The original BAT was very heavy and could only be towed by truck. The MOBAT is much lighter and can be towed by the Austin Champ, Land Rover or any other light utility vehicle. The MOBAT can also be moved by infantry over very short distances. The WOMBAT is much lighter but still needs to be moved by vehicle. As the WOMBAT cannot be towed by a vehicle it must be carried on the vehicle. Often the WOMBAT was fired from the vehicle, allowing it to relocate quickly.

The L4 MOBAT is a version of the original L1 BAT without shield. The name MOBAT stands for Mobile BAT. Since the shield is removed it is much lighter, has a smaller silhouette and is able to traverse over 360 degrees. The two wheel chassis is retained and due to the reduced weight it can be towed by a Land Rover. To increase first round accuracy a 7.62mm Bren ranging machine gun is added to the left of the weapon. A L4 MOBAT retrofitted with a 12.7mm ranging machine gun is known as the L7 CONBAT, with CONBAT meaning converted BAT.


The BAT fires only a single type of ammunition, the 120mm L2 HESH round. The HESH round is effective against both armoured vehicles, enemy positions and infantry. The ammunition is of the seperate loading type with the first part being the shell and the second part the metal casing with propellant. It is reported that smoke, illumination and training rounds were developed but only used in very limited quantities.

Barrel Length:3.86m Calibre:120mm
Length:3.86m Height:1.09m
Width:1.03m Weight:308kg
Range:1,610m Muzzle Velocity:463m/s

Known History of "BAT GUN":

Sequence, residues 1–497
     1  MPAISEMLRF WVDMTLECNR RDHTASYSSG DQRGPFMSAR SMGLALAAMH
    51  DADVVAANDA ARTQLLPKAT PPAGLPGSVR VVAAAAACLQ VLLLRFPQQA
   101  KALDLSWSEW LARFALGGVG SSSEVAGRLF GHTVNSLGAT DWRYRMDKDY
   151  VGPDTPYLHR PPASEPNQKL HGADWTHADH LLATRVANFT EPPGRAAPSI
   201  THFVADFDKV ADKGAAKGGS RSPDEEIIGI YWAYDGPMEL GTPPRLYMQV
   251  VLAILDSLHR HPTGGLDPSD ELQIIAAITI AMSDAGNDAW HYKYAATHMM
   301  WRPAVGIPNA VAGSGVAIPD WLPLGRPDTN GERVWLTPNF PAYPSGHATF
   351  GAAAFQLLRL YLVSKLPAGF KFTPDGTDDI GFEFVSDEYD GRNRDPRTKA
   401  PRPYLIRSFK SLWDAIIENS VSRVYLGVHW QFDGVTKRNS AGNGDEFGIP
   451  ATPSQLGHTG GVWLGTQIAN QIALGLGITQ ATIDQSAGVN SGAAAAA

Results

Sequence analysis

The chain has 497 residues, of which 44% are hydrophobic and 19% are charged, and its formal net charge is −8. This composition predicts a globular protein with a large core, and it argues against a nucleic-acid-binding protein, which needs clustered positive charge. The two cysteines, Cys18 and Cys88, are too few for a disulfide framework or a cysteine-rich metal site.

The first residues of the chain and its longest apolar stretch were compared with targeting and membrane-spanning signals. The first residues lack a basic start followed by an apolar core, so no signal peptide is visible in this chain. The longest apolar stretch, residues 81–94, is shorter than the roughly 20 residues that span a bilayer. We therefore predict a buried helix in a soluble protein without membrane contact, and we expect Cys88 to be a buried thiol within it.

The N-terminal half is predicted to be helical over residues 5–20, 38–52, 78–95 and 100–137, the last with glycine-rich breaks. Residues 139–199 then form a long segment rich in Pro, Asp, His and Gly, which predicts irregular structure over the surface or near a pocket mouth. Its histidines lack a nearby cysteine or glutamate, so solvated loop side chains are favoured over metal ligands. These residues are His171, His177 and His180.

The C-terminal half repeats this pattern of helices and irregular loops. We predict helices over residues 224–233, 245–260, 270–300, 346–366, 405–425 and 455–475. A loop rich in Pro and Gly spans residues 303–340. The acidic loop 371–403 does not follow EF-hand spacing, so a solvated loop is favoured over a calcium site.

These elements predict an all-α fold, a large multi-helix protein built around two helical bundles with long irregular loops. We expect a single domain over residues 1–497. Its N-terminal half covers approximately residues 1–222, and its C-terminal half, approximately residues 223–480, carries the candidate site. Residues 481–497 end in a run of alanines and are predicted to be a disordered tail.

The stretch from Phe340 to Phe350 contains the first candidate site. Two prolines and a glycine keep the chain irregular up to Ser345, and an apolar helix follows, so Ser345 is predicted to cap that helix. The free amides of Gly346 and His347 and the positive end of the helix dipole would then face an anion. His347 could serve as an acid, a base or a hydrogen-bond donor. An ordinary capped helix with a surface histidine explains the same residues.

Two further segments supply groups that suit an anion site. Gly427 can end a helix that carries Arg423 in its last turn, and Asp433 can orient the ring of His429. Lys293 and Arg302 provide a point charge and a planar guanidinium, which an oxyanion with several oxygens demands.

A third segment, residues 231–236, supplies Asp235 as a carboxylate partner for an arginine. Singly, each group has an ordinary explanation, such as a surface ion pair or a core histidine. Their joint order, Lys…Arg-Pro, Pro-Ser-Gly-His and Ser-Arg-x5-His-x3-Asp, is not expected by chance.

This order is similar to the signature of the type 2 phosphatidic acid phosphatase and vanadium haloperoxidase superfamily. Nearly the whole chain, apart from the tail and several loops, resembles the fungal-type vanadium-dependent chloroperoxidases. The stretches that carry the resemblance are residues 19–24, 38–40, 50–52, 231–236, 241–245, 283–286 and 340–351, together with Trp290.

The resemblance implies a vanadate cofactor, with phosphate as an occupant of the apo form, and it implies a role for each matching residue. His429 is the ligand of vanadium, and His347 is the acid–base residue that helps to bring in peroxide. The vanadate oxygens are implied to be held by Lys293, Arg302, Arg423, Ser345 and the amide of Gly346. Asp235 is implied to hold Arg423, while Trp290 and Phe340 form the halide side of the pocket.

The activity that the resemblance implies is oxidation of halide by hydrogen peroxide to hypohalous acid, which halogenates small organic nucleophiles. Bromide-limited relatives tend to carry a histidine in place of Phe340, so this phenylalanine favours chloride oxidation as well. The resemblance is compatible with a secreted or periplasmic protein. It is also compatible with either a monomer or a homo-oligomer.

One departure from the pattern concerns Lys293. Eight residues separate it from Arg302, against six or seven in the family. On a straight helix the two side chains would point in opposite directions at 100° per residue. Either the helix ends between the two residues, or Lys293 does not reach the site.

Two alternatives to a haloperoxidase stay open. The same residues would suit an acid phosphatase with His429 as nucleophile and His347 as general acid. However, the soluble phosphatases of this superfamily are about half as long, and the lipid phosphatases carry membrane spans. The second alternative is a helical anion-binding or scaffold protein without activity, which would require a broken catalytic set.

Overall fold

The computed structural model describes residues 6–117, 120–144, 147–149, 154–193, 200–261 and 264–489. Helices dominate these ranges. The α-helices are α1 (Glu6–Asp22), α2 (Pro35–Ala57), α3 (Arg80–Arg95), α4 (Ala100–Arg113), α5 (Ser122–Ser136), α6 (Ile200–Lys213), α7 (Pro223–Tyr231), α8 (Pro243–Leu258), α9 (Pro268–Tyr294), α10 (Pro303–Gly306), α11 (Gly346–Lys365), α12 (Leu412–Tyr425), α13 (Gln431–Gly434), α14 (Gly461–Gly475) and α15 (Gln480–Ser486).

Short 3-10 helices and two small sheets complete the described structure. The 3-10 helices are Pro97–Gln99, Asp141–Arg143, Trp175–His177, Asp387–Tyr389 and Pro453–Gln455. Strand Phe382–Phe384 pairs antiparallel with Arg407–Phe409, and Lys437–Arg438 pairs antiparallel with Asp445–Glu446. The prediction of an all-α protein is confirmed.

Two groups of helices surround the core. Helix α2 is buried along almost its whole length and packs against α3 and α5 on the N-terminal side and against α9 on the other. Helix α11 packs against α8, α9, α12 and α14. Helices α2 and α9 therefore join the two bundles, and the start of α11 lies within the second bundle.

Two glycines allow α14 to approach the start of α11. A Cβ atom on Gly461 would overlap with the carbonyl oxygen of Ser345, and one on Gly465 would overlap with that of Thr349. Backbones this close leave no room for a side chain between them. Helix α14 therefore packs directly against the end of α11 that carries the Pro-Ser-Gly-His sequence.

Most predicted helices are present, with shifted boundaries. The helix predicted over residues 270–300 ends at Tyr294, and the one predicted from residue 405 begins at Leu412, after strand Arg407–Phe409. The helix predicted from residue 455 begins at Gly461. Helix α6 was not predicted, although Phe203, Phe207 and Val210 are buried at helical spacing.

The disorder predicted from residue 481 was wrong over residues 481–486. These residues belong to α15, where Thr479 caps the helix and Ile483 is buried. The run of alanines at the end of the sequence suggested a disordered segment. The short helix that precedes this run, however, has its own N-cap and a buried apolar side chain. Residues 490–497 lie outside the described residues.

None at present.


The FV2408 Mk1 Reynolds Boughton 1.75 tonne trailer, is a basically the same as the Mk2 Arrows with the braking system being the major difference. Hydraulic overrun brakes (with an onboard master cylinder) have replaced the earlier mechanical braking system.

The lighting system has also been updated, with a pair of smaller running lights on each side at the front of the trailer, replacing the single "bug eye" Lucas lights, and the rear individual "bug eye" lights being replaced by composite light clusters.


Weight (unladen):1064kg Weight (laden):2814kg
Length:4.192m Height:1.213m
Width:2.483m Track:2.237m
Ground Clearance:0.335m Capacity:1750kg

Known History of "10 KF 12":

None at present.


The Cooking Outfit No. 4 Mk 2 is designed to provide a mobile kitchen facility is capable of producing meals for up to 150 personnel using fresh or composite rations, or an emergency meal of stew and tea for up to 258 personnel.Sufficient Equipment is provisioned to enable baking, roasting, frying and boiling operations to be undertaken simultaneously.